Another attack launched at the film when they ran out of other stupid things to say was that “sexism” reared its head. Not only am I now convinced they were in a completely different movie, but I’m angry. This was the least sexist superhero film EVER. DC Films takes tremendous pride in giving the female characters (often better than their male counterparts in many ways) their spotlight. Wonder Woman is the first attempt at a female superhero movie at all in the cinematic universes, but not only that. It’s merely the 4th DCEU film, and they’re already paying women to make the Wonder Woman movie, and based on interviews, Patty Jenkins knows more about the character’s nature and how this film works in 2017’s world than half the men working at DC. Marvel will burn through close to 20 films before making Captain Marvel (after ignoring Black Widow all these years) and what have Fox or Sony ever done for female characters? Suffice it to say DC is the least sexist of them all.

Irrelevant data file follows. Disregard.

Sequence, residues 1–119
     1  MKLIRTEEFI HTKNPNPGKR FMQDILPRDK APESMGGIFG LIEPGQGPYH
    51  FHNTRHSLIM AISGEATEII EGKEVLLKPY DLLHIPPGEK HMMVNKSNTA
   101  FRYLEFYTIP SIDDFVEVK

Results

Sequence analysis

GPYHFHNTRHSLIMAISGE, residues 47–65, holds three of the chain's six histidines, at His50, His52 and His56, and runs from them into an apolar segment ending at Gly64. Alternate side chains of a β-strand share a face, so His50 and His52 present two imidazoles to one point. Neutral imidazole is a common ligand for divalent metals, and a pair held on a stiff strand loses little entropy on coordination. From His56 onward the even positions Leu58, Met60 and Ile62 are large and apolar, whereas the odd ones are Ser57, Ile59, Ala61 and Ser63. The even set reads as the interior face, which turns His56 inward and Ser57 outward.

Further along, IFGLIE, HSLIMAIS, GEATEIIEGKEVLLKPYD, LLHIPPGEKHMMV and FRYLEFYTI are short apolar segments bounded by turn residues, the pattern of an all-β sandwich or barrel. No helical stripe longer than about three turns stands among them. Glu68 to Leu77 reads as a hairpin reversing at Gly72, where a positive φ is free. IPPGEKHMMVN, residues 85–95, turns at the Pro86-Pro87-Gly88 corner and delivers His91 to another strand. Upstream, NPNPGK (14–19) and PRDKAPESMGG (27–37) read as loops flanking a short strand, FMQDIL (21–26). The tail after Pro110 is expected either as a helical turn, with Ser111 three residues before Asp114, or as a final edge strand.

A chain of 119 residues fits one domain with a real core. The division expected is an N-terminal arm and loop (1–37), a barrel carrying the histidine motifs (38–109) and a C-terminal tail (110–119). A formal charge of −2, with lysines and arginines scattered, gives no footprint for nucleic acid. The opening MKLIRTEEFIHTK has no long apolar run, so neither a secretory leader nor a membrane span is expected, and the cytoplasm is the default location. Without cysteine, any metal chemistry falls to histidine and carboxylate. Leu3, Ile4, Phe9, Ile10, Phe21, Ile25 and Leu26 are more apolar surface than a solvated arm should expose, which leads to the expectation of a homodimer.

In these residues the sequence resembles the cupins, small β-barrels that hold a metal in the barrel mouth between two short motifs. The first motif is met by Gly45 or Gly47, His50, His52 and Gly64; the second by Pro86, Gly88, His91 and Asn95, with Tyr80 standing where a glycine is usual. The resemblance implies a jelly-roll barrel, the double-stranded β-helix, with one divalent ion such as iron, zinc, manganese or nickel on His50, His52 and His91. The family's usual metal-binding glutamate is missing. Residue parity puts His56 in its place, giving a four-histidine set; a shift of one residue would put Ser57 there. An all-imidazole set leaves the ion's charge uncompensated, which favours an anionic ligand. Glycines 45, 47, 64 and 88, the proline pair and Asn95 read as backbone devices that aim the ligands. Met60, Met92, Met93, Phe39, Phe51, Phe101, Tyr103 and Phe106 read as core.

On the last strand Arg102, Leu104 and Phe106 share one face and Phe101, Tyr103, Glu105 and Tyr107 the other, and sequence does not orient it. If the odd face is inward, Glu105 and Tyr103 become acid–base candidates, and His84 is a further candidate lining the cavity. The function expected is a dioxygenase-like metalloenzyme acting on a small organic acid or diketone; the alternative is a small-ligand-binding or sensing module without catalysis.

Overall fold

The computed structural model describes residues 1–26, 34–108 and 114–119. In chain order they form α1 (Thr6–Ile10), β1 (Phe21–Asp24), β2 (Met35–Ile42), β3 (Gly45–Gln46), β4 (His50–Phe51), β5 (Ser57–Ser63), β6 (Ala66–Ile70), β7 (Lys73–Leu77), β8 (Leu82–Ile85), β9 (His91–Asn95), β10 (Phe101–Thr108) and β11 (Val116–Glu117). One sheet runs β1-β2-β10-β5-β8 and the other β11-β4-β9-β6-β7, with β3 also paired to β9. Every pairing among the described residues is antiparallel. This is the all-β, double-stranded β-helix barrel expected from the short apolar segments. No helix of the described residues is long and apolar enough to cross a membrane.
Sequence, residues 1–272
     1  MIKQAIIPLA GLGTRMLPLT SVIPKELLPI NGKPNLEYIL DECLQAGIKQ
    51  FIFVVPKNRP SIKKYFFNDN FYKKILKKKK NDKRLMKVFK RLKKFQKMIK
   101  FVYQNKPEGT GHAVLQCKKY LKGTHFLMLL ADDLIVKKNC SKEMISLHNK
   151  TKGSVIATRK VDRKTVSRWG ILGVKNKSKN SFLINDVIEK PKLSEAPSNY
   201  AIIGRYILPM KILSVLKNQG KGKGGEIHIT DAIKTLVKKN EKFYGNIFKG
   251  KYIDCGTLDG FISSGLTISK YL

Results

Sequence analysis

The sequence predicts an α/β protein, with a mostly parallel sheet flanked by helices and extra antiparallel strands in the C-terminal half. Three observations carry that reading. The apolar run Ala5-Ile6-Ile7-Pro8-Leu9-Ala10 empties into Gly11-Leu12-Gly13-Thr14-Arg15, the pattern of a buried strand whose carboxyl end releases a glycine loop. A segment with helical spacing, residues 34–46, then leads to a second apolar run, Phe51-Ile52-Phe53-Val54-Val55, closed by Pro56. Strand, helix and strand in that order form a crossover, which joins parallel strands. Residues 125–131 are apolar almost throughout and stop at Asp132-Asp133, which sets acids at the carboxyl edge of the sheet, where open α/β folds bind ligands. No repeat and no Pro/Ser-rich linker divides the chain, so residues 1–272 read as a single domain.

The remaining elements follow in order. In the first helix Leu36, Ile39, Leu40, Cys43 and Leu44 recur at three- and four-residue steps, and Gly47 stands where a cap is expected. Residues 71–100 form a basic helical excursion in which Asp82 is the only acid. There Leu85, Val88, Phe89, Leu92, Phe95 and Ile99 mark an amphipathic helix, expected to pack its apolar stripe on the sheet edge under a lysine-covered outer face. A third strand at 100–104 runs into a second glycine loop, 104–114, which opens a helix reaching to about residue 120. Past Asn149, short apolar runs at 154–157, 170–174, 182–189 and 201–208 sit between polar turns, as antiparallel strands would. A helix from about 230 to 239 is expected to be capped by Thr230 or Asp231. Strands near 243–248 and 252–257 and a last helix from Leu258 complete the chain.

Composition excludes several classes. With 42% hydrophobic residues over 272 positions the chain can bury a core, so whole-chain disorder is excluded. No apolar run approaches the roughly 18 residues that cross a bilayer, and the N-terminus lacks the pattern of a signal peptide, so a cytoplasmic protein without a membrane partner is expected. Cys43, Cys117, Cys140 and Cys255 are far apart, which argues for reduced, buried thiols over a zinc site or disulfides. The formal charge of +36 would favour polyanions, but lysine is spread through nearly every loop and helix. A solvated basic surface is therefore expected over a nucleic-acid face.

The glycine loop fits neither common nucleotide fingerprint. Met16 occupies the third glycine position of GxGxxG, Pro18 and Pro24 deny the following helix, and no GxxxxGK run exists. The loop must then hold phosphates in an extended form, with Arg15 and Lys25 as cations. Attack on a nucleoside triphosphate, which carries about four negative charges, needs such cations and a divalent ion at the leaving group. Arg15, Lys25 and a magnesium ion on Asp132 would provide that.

And calling a movie Donald Trump is like calling critics open minded. It’s a complete impossibility, a catastrophic paradox. It also just makes zero sense on paper. Clearly something it driving these critics against DC films, and it may be they enjoy sexist movies about superheroes more than they do ones that feature Wonder Woman, Harley Quinn, Enchantress, Lois Lane, Katana, and AMANDA FREAKING WALLER. That’s why I know these morons went to the wrong movie. You don’t walk away from Viola Davis’s Waller thinking “sexist.” She was the most powerful, smart, cunning woman I’ve seen on screen. She didn’t give a damn about what other people thought—she was herself and handled things and people the way she saw fit.